Local producers had appealed to government to apply anti-dumping duties on certain cuts from the United Kingdom, Germany, and the Netherlands, CEO David Wolpert said in a statement.
The International Trade Administration Commission (Itac) started investigating the matter in October last year.
“The whole exercise is nothing more than another attack on a relatively small import industry representing less than 10 percent of the chicken market in an effort to boost prices at the tills,” Wolpert said.
The investigation covered 2012, when “exceptional circumstances” affected the local poultry industry.
These included major regulated cost increases in labour, power, and fuel, plus high maize prices of around R3000 per metric ton, compared to the current price of around R1800 per metric ton.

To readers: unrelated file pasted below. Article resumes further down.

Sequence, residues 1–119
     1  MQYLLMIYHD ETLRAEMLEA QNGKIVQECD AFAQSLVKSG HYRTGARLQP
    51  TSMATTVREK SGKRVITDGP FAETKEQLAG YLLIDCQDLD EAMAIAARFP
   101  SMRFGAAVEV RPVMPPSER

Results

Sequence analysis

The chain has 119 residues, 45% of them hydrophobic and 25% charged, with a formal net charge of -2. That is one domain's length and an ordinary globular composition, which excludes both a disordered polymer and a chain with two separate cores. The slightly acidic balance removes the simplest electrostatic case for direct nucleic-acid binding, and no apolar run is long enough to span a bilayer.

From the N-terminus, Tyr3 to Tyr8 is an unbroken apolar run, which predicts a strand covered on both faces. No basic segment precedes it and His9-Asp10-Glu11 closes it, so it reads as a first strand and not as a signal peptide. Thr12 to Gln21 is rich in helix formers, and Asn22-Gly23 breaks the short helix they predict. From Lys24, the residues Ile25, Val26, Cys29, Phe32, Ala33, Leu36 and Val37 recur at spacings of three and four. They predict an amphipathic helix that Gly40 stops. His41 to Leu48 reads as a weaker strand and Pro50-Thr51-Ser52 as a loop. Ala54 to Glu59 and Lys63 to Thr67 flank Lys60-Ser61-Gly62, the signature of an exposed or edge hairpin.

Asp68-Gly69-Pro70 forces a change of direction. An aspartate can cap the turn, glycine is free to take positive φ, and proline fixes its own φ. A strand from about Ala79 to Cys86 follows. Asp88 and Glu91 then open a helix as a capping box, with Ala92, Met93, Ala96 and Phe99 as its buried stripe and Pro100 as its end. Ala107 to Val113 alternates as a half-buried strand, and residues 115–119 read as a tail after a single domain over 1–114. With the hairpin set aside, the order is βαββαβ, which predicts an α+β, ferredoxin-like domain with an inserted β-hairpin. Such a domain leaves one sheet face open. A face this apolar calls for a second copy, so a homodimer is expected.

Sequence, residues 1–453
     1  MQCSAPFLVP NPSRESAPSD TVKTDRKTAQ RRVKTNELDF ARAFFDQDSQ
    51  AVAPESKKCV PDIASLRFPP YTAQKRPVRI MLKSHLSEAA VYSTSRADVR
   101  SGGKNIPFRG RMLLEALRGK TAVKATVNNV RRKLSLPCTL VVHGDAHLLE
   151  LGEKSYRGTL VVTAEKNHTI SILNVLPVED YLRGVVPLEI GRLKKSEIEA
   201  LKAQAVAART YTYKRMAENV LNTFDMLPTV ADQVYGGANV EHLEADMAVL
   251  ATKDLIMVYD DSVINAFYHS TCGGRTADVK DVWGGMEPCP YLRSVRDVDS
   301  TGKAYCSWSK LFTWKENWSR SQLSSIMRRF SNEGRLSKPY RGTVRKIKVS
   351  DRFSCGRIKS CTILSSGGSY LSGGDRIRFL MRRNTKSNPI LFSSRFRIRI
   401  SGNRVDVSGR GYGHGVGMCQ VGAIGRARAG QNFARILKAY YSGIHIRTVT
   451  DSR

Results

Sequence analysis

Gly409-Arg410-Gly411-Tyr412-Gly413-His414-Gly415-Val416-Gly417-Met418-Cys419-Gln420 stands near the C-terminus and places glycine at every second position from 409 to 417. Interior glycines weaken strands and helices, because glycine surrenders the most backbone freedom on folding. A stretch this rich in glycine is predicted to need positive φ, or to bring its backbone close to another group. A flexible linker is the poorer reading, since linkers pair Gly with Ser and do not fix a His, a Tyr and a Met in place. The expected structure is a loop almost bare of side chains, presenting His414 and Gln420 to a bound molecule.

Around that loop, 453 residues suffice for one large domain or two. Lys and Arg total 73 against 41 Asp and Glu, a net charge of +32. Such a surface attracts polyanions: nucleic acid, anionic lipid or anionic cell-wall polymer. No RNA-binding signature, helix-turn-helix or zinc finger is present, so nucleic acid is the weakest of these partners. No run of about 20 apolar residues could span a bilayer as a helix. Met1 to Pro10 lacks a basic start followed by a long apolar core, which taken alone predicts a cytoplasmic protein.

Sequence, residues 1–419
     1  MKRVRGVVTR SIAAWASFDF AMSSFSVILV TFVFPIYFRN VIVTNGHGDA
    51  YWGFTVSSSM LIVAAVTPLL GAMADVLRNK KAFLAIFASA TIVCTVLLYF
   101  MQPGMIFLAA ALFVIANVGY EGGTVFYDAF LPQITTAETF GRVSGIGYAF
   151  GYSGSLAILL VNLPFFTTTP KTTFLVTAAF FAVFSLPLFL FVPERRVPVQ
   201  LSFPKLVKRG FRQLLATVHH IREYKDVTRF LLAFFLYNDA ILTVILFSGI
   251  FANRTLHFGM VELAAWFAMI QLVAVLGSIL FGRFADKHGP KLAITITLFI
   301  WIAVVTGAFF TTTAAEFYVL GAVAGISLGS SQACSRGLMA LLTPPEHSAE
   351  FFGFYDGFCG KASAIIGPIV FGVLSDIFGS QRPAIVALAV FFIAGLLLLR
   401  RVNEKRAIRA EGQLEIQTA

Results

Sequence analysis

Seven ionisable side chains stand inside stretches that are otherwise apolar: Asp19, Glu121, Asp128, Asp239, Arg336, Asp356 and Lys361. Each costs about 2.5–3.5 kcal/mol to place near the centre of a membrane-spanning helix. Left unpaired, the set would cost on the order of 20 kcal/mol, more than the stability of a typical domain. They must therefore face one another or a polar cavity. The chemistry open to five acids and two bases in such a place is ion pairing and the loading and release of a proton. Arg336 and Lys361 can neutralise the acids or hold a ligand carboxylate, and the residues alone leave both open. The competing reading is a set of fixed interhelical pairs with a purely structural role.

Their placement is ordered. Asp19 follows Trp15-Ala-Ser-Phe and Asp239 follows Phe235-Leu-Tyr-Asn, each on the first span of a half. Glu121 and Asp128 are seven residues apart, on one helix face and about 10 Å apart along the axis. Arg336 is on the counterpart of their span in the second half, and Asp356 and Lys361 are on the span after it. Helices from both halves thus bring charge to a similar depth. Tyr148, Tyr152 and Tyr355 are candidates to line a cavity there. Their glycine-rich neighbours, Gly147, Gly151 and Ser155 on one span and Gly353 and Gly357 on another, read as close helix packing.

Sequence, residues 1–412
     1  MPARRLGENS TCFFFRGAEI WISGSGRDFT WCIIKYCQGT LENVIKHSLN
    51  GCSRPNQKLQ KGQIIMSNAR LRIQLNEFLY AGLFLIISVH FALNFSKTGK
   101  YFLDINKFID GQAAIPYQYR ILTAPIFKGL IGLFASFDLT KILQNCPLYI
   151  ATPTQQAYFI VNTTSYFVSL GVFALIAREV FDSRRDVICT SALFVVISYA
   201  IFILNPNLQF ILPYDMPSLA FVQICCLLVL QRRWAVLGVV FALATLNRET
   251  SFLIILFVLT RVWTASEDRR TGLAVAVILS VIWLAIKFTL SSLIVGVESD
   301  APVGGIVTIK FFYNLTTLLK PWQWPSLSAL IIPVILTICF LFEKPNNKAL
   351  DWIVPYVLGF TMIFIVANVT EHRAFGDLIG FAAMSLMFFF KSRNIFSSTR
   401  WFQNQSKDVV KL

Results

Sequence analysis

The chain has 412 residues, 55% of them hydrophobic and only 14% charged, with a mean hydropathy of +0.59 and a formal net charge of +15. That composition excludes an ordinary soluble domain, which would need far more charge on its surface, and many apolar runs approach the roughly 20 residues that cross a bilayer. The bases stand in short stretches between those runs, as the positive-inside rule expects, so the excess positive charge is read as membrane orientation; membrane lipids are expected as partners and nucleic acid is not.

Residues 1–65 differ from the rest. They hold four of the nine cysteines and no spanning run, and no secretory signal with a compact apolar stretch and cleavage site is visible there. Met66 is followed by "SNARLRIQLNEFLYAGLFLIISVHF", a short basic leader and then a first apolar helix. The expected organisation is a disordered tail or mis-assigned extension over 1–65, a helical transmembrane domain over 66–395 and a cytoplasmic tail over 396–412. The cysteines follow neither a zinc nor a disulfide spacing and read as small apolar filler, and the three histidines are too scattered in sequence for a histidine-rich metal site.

“The investigation period of 2012 is so far removed from current actual market conditions that any investigation over that period would not bear any resemblance to the current market situation,” said Wolpert.
SA Poultry Association CEO Kevin Lovell said the dumping of certain poultry parts was unfair trade.
“No one ever wins a trade war, it is just a series of skirmishes. Whatever Itac do decide, it won’t resolve the question posed by a global economy to a local market,” he said.
The fundamental difference was South Africa was a balanced market, where all parts of the chicken were used, except the blood and feathers, while in Europe only selected parts were eaten.
“They sell that [unused] product at whatever price they could get and that’s where the dumping originates,” said Lovell.
“Itac are well positioned to make the distinction of the effects caused by dumping and the effects caused by other factors.
“The action is still going for a number of months. What is expected is a temporary or provisional measure.”
Following this, all parties would have a chance to present new arguments.